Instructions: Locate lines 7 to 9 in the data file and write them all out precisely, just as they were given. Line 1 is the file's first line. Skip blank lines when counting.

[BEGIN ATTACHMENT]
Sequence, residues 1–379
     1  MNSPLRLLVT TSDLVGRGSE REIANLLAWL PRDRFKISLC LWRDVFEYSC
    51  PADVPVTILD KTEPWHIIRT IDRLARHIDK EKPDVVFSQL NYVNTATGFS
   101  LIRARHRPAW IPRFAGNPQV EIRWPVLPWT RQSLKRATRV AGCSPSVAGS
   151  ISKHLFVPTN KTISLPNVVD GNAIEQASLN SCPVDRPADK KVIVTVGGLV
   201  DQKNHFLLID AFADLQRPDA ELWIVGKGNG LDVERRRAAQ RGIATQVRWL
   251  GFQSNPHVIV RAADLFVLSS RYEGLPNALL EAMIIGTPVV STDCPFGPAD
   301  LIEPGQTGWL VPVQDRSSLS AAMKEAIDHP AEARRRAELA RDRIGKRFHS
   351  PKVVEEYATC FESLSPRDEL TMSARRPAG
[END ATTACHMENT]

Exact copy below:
   251  GFQSNPHVIV RAADLFVLSS RYEGLPNALL EAMIIGTPVV STDCPFGPAD
   301  LIEPGQTGWL VPVQDRSSLS AAMKEAIDHP AEARRRAELA RDRIGKRFHS
   351  PKVVEEYATC FESLSPRDEL TMSARRPAG